Some good can come of even the worst disaster. Amid all the suffering and difficulty of the pandemic, environmentally minded people spied a chance. Could the enforced immobility of life under Covid-19, the rediscovery of neighbourhood shops, parks and walks brought about by the closure of workplaces and schools, lead to a longer-term adjustment – a new car/life balance?
For decades, green thinkers and politicians have advocated for a less automobile-centric culture. Transport policy unites two big themes of environmental politics: the idea that many people need to be reconnected with local geographies, both physical and human; and opposition to pollution. This means greenhouse gases, of course, but also particulate matter and noise. An altered transport hierarchy, it has long been argued, is beneficial to health, since more walking and cycling means less obesity, respiratory illness and heart disease; reduced road traffic also means fewer injuries and deaths caused by collisions.
The need for cuts in air pollution and carbon emissions (with levels in many UK cities exceeding legal limits), combined with the practical urgency of the situation earlier this year, in which public transport use had to be reduced without increasing congestion, made walking and cycling the only good option. Policymakers saw this: the UK government provided GBP250m in emergency active travel funding; the Welsh and Scottish governments GBP15.4m and GBP10m respectively.
Several months later, there is widespread agreement that the creation of dozens of new low-traffic neighbourhoods (LTNs) in London, Birmingham, Manchester and Edinburgh has produced some toxic politics along with quieter, safer streets. Planters placed on roads to block through traffic have been moved and damaged. Campaigners have been threatened. In several London boroughs, the strength of the reaction has led councils to retreat or consider retreating.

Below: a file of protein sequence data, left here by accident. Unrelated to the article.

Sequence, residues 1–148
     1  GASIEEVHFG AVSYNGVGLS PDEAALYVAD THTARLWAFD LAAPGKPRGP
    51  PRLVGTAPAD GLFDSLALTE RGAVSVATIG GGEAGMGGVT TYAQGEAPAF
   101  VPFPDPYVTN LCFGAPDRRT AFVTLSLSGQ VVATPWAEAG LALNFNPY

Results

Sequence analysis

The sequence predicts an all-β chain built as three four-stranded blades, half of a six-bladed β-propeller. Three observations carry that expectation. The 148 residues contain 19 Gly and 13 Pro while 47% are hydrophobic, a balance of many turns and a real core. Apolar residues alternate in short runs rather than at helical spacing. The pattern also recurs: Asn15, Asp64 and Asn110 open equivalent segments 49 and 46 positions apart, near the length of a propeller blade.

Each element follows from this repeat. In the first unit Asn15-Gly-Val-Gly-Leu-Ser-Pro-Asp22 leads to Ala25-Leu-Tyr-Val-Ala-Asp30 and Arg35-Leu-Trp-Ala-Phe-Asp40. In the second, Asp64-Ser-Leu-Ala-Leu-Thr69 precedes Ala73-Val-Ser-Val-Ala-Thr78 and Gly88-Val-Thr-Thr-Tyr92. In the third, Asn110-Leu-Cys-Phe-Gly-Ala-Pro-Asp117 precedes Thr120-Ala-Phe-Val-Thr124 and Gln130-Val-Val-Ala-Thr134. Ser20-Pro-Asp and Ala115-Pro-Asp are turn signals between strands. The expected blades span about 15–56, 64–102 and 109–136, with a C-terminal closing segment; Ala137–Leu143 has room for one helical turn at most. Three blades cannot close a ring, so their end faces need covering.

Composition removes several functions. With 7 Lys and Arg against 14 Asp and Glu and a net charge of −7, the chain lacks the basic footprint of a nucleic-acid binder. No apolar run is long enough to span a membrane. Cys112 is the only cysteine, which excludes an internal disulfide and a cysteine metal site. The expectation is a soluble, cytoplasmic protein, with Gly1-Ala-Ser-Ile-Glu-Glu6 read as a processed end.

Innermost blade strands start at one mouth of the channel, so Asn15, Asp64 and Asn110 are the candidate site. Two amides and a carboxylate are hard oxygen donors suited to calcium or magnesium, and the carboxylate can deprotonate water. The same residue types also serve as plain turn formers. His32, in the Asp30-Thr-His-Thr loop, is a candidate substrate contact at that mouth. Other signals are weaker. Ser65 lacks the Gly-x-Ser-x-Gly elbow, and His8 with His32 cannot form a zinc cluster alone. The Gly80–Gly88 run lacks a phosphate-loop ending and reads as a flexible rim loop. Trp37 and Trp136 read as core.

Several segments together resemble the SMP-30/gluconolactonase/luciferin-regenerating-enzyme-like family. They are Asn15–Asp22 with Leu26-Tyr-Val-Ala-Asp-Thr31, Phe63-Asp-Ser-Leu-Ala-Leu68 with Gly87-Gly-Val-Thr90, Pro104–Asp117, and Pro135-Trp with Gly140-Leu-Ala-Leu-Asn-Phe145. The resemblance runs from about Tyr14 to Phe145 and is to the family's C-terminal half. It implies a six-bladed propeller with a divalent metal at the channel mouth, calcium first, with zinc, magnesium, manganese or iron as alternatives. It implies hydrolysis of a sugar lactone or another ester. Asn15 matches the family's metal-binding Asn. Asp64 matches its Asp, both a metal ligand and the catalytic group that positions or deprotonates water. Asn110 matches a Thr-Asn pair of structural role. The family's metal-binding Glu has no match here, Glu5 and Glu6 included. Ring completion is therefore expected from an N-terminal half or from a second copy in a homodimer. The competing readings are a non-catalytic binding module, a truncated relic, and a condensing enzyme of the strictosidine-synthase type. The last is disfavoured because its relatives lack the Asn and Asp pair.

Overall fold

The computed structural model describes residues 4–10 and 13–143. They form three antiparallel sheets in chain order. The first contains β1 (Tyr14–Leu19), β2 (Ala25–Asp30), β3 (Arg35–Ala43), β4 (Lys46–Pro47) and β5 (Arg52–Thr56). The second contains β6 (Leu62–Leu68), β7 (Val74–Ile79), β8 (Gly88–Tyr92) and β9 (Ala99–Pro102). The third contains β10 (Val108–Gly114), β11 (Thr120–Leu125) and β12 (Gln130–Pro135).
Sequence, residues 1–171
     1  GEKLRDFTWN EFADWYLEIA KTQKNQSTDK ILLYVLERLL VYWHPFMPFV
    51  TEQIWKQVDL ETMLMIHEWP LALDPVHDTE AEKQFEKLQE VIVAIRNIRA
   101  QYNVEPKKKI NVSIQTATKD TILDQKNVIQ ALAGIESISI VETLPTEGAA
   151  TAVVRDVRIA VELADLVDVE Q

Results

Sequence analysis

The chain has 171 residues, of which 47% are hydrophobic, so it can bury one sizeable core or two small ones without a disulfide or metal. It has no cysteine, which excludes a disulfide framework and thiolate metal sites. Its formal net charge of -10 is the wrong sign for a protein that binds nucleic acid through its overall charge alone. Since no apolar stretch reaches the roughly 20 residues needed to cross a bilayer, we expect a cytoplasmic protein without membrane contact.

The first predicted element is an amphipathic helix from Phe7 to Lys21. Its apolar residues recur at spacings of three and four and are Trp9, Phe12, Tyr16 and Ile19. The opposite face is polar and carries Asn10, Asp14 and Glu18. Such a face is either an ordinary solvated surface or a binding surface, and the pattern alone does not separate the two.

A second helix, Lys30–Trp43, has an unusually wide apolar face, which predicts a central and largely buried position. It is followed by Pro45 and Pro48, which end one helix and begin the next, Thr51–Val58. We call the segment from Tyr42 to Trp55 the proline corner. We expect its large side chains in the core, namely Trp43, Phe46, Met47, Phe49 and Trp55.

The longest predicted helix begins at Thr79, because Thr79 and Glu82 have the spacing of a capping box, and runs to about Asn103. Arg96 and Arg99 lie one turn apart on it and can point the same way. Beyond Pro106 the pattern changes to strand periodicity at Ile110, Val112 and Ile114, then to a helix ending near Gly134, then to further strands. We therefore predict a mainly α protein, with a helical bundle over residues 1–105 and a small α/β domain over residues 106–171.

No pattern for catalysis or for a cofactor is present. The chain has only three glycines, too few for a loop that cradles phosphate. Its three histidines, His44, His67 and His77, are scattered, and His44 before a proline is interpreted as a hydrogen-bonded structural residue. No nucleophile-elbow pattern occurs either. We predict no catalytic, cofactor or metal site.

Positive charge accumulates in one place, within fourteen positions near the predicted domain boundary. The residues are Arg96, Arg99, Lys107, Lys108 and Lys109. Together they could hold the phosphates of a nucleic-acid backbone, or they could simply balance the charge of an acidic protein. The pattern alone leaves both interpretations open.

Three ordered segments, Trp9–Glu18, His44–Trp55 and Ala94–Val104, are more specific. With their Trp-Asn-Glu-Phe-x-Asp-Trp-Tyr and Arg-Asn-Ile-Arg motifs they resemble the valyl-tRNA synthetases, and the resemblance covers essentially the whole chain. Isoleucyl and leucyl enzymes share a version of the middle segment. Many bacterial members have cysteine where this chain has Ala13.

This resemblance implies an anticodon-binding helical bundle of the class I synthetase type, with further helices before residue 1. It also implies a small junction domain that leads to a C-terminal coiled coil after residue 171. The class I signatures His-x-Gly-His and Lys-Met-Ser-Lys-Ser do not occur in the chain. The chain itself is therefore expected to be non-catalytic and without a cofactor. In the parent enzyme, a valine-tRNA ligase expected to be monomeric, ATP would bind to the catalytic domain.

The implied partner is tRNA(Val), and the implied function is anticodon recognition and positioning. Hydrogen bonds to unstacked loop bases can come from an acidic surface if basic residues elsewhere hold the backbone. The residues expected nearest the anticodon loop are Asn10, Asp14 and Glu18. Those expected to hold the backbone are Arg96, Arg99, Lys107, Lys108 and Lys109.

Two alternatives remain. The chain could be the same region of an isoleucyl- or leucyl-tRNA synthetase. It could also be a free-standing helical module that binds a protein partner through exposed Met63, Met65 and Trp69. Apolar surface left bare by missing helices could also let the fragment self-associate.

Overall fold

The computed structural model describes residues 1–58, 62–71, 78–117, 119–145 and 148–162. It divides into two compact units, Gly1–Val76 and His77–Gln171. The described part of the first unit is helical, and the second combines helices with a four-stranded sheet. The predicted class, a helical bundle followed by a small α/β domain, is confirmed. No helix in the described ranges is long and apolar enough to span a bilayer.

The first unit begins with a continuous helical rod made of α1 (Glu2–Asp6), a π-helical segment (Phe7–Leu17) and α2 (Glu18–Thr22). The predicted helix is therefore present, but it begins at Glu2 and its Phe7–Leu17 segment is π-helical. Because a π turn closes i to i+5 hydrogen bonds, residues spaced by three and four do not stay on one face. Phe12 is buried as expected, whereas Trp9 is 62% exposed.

New research suggests such decisions are mistaken. The idea that middle-class residents are the main beneficiaries of LTNs is revealed to be a myth, since about 90% of people from all demographic groups live on the kinds of residential streets where they are in place. Meanwhile, the announcement of funding from a south London NHS trust to support schemes in its area shows how significant health experts believe these beneficial effects are. This is not to deny the negative effects that LTNs can have, in displacing some traffic from quieter streets on to already busy ones. Grant Shapps, the transport secretary, was right to signal the importance of consultation when releasing additional funding last week. But since LTNs are a “nudge” policy, intended to steer behaviour change rather than apply a sudden brake, you have to wait and see: traffic does not evaporate, or bicycles materialise, overnight.
Change is difficult, and no set of arrangements suits everyone. Objectors have a right to protest. But the health and climate emergencies cannot be ignored. Car owners must not mistake comfort or convenience for a right to drive. Partly due to satnav systems, traffic on residential streets has increased hugely in recent years. Across Europe, cities have moved to reclaim their streets for uses other than driving. In recent months the UK has done some catching up. Councils should hold their nerve and talk to people as well as listen: the case for cutting car use is overwhelming.